Oakland's Van Allen House, New Jersey
Van Allen House, Franklin Ave/Rt.202
The mission of the Oakland Historical Society (Oakland, NJ) is to bring to life and help maintain the history of the Borough of Oakland by activating and preserving especially the Van Allen House site, with the Vygeberg Farm Office Building, and by keeping a museum there showing living displays and memories of Oakland's past. We support the Borough's efforts to continue and complete the renovations of both buildings with the help of the Bergen County Office of Historic Preservation.
During the year we offer opportunities for people to visit the Van
Allen House and experience local life as it was in the 18th & 19th Centuries on a farm settlement in northern New Jersey. The Lenni-Lenape Indians are known to have used the path which followed the Ramapo River Valley north and south, and has now become an interstate roadway, Route 202, which goes from Maine south into Maryland and beyond. Copies of letters George Washington wrote at the House are available there during open-houses, usually the 3rd or 4th Sunday afternoon many months during the year. Please check our events page to see when the house will be open. The site also has a building from 1902, built by Edward Page, one of the industrialists who settled along Rt. 202 to develop agriculture for the growing cities of Northern New Jersey, such as Paterson or Newark.
OPEN HOUSE SUNDAYS are on hold while roof repairs are underway Hopefully the House will reopen in the fall.
For 350 years farmers have tended the fields, and enjoyed the natural resources of our rich community. From iron mines and a timber & charcoal industry to a Garden State throughout suburbia, Oakland has been a center for family living and working to survive, and survive well. Come see our farming and working tool collection from ages past, outdoors and inside. Learn about the agricultural power of the Stream House.
Learn how the Dutch settlers found out about local sources of iron-ore from the Lenapes back in the 1690's. After the British made the Dutch leave New Amsterdam (New York City), they continued to thrive up in Albany and throughout NY State. NY governor Pieter Schuyler's son Arendt became friendly with local native tribes, and convinced them to show him hematite sources in the Ramapo Mtns. from Pompton Plains up to Sloatsburg and beyond. Sloatsburg is dutch for "borough of furnace smoke-stacks." Pompton Lakes still has the remains of a colonial era stone iron ore furnace in the woods near the lake. A lot of Dutch settlers were very busy making charcoal, building forges and furnances, and creating large quantities of pig iron starting at 1695. The women were busy tending the farms and young families. Want to learn more? Come visit us at the next open house. Watch for open-house signs in front of the Van Allen House, usually 3rd Sunday of the month when they resume.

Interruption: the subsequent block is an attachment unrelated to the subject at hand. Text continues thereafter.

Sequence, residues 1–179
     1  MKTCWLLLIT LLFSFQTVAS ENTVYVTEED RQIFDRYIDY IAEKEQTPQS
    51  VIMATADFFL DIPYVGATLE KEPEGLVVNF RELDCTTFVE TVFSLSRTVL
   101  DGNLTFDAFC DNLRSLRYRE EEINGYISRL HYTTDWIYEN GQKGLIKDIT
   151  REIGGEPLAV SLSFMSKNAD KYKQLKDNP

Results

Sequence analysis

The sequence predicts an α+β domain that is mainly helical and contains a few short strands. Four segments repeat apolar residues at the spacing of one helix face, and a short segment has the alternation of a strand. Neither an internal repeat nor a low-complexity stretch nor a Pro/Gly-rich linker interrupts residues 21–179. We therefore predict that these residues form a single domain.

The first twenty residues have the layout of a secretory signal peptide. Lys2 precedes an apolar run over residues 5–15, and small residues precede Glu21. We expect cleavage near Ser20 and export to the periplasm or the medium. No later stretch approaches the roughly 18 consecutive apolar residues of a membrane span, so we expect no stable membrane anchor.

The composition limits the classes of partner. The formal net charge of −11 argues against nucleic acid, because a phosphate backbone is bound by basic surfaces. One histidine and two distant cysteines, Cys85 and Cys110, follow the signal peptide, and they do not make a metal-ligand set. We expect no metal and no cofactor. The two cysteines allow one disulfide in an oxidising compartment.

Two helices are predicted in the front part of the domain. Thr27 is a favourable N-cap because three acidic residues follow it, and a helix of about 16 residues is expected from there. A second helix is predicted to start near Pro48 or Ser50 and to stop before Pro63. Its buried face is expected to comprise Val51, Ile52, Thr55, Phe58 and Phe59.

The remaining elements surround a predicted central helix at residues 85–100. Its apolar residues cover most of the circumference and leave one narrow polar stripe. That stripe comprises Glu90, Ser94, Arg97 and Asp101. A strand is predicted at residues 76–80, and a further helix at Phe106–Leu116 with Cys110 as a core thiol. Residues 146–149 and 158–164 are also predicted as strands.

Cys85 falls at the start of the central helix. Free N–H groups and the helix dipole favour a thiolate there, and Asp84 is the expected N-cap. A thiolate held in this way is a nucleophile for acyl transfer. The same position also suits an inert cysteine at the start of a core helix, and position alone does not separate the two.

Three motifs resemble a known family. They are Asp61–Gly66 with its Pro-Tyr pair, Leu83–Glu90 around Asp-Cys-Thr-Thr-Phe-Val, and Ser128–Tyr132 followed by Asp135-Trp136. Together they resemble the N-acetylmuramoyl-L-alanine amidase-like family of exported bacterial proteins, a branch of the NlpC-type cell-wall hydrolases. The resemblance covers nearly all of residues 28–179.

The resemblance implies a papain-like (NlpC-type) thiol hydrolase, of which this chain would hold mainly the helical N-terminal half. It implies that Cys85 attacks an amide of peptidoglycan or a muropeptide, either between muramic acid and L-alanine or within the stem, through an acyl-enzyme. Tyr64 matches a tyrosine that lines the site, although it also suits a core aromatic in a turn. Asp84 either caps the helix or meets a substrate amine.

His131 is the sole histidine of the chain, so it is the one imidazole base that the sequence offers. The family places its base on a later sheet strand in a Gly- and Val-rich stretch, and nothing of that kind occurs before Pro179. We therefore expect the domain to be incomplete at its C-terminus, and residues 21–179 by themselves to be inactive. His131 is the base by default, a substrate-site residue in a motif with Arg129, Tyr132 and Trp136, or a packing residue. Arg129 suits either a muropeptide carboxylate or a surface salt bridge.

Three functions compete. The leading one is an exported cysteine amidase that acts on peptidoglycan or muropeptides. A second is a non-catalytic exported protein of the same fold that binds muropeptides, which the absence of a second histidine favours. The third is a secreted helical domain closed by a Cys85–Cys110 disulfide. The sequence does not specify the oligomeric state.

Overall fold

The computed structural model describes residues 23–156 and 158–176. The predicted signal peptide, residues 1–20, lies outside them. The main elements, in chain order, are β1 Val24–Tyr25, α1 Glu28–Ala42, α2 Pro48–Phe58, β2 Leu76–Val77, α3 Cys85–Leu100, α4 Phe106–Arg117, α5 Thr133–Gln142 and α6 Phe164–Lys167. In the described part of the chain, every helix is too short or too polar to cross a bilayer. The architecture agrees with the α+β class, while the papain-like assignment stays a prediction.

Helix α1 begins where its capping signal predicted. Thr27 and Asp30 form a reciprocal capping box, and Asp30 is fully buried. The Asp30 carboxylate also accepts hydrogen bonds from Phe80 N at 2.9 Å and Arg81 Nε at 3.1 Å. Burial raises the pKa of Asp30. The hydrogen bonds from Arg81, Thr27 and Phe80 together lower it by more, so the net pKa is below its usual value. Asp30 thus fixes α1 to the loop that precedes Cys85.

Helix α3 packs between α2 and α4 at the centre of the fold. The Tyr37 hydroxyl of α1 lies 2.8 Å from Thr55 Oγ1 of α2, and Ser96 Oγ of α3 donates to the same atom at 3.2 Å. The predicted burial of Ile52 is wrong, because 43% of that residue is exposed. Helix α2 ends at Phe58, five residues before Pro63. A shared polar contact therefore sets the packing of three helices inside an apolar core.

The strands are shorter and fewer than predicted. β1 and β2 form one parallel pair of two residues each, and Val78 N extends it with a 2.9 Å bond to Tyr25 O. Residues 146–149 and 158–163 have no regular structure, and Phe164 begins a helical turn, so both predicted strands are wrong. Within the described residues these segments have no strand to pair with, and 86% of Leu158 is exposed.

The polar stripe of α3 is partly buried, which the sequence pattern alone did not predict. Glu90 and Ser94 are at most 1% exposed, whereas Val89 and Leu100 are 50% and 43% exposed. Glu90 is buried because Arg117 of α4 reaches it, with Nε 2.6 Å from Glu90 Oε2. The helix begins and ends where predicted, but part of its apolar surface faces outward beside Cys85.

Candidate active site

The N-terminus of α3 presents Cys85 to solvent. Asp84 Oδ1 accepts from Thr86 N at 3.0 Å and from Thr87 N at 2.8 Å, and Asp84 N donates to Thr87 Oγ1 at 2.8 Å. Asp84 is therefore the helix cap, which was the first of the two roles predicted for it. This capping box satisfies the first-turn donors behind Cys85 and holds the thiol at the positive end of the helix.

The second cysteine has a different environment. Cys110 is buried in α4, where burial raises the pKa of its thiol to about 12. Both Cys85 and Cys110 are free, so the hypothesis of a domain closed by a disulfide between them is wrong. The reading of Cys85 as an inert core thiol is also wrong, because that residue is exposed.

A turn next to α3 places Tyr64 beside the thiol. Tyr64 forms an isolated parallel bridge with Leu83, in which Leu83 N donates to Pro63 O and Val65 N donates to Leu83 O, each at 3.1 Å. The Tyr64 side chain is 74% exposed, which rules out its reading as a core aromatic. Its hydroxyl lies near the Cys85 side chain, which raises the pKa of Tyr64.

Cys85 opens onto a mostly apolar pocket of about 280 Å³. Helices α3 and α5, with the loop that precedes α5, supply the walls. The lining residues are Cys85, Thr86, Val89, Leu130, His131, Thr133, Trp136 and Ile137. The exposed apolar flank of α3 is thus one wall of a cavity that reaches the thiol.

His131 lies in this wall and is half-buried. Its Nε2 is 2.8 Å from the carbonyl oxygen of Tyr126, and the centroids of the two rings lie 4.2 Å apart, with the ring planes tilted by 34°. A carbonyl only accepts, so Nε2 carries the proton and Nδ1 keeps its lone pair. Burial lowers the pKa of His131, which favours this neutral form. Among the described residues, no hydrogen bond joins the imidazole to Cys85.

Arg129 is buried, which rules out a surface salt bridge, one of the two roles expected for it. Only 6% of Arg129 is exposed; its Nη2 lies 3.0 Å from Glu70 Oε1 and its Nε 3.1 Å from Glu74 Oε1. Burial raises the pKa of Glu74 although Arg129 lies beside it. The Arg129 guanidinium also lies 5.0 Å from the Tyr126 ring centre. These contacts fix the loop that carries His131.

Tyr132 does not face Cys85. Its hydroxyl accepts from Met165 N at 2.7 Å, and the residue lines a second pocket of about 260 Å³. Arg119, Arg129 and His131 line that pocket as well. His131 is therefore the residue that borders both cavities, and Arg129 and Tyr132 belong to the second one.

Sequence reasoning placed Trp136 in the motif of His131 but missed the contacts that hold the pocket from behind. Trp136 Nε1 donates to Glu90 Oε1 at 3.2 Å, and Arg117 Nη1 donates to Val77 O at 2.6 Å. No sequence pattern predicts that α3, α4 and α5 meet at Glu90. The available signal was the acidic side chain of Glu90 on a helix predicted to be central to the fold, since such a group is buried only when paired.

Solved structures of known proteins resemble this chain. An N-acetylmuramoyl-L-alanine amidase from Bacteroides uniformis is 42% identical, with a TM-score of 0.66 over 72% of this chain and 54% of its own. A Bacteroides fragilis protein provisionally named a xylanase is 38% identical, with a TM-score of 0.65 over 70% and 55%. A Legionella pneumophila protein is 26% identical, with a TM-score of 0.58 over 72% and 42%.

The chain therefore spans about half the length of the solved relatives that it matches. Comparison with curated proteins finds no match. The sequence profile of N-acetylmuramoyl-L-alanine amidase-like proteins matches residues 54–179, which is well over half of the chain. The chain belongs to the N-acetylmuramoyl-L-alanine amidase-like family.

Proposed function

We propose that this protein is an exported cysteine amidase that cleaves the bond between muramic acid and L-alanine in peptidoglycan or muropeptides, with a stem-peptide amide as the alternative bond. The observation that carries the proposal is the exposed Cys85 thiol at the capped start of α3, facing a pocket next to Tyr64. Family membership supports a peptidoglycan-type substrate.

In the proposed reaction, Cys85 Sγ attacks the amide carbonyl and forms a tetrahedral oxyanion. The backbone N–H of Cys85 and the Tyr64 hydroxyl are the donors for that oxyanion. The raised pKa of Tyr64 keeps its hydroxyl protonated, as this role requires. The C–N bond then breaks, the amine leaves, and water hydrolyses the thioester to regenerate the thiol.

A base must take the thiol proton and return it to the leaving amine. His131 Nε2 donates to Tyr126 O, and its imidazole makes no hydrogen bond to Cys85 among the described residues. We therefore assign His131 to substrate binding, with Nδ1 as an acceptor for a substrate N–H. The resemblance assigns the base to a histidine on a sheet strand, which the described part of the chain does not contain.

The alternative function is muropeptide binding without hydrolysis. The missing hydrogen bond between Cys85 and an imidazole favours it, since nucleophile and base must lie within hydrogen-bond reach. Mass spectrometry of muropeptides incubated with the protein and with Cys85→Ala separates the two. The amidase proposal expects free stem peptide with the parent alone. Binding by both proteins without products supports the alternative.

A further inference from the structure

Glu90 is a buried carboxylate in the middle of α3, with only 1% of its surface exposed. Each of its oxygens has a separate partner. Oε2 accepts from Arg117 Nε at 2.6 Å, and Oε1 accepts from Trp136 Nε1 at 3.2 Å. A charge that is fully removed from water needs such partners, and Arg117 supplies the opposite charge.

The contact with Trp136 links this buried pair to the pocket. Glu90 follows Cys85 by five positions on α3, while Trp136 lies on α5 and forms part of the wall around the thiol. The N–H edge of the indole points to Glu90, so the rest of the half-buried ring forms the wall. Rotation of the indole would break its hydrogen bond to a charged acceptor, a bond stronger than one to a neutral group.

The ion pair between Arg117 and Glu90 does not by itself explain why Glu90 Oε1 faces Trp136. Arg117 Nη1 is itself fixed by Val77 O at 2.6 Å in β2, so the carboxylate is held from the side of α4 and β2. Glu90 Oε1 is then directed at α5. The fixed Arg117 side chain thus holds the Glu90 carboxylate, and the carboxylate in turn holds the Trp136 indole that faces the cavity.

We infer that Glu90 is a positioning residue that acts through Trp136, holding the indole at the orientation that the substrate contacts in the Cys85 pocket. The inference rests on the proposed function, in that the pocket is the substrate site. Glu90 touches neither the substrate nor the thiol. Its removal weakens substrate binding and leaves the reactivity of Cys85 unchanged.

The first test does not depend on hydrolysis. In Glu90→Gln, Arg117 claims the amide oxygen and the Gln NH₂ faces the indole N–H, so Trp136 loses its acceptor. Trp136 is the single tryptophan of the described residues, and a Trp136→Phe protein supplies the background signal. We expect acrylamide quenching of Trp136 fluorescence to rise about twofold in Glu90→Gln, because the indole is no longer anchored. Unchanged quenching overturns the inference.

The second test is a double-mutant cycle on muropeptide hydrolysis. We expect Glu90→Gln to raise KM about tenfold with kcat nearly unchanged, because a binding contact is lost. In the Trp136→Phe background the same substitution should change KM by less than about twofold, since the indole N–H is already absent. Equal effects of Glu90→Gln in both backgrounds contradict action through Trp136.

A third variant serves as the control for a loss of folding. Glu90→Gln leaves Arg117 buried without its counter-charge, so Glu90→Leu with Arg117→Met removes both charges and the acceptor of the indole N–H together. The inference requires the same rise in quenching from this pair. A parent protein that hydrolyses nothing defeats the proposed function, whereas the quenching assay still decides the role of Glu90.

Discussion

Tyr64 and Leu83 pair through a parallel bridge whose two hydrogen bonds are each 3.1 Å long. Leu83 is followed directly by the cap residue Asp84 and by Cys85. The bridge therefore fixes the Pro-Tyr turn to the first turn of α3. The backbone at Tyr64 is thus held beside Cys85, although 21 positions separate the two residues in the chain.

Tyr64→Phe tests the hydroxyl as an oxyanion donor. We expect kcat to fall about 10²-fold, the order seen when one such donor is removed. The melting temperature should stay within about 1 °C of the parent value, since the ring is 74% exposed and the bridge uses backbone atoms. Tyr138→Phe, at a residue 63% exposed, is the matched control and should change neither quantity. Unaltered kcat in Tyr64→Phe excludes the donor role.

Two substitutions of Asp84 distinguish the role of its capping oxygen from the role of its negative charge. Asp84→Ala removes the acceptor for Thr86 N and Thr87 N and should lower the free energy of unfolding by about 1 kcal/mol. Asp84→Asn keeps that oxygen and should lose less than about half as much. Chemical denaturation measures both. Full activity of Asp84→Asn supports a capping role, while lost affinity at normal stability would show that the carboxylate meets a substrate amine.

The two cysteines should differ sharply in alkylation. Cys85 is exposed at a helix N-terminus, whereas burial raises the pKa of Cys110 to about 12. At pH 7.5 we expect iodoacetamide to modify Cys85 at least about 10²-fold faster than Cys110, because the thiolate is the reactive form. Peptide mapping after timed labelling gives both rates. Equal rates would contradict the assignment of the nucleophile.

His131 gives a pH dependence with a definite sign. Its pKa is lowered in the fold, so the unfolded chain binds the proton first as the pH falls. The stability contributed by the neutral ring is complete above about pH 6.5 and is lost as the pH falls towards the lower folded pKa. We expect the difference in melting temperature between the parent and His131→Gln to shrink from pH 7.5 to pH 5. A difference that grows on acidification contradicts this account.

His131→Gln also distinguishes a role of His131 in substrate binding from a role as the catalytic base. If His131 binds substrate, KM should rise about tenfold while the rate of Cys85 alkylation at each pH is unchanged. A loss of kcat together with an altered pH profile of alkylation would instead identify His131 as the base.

GREAT NEWS! The Bergen County Quilt and Coverlet Show is finally here after 2 postponements!
Friday, October 1 and Saturday, October 2,2021
at 650 & 660 E. Glen Ave., Ridgewood, NJ
(Schoolhouse Museum & the Old Paramus Reformed Church next door) See the event page!
A virtual house tour of Oakland is included on the Oakland Borough YouTube link as part of This Week in Oakland series.
NORTHWEST BERGEN HISTORY Coalition has published a new book: Stitched and Woven - Bergen County Quilts and Coverlets 1800 - 1976 by Peggy Norris and Kay Yeomans. It is a display of cloth works from each NW Bergen County historical society. A copy can be ordered through this site.
A 100 anniversary of Womens' Suffrage is also taking place this year. Please share your stories with us on History Notes page or contact us by e-mail.
Visit our Events page for all the details.
Please e-mail Jerri or Klaus at firstname.lastname@example.org or call 201-337-9652 to find status of repairs and when open-houses will be resumed. Historic documents are available by appointments with Society members to take place at the Public Library.
Please see our Tribute to Edward Page on the Events page. For all of you who are unfamiliar with the history of the Stream House at 3 Franklin Avenue, you can finally learn why Oakland would not be the great town it is today if it weren't for the efforts of the man who left us the Stream House to take care of.
The original creators of Oakland in 1902 saw the potential of the town and its rich resources, and put them to good use.
VOLUNTEERS NEEDED: at the Van Allen House to continue working on the indexing for photos and documents there. We need volunteers to work on the yard, weeding and sprucing up the property in general. Please call 201-337-9652 for more info or to confirm your attendance. For your convenience, you may also use the Contact Us page to let us know you're interested!
Call Jerri or Klaus at 201-337-9652 or e-mail email@example.com for more information on any of these opportunities!
Added to the "History Notes" Page - electronic versions of two books and a presentation have been made available. Learn about your town's history!
OHS IN THE NEWS
Click on the links below for pertinent information regarding Oakland Historical Society news:
Grant for Van Allen House Property
Oakland hires architect for renovations to historic homes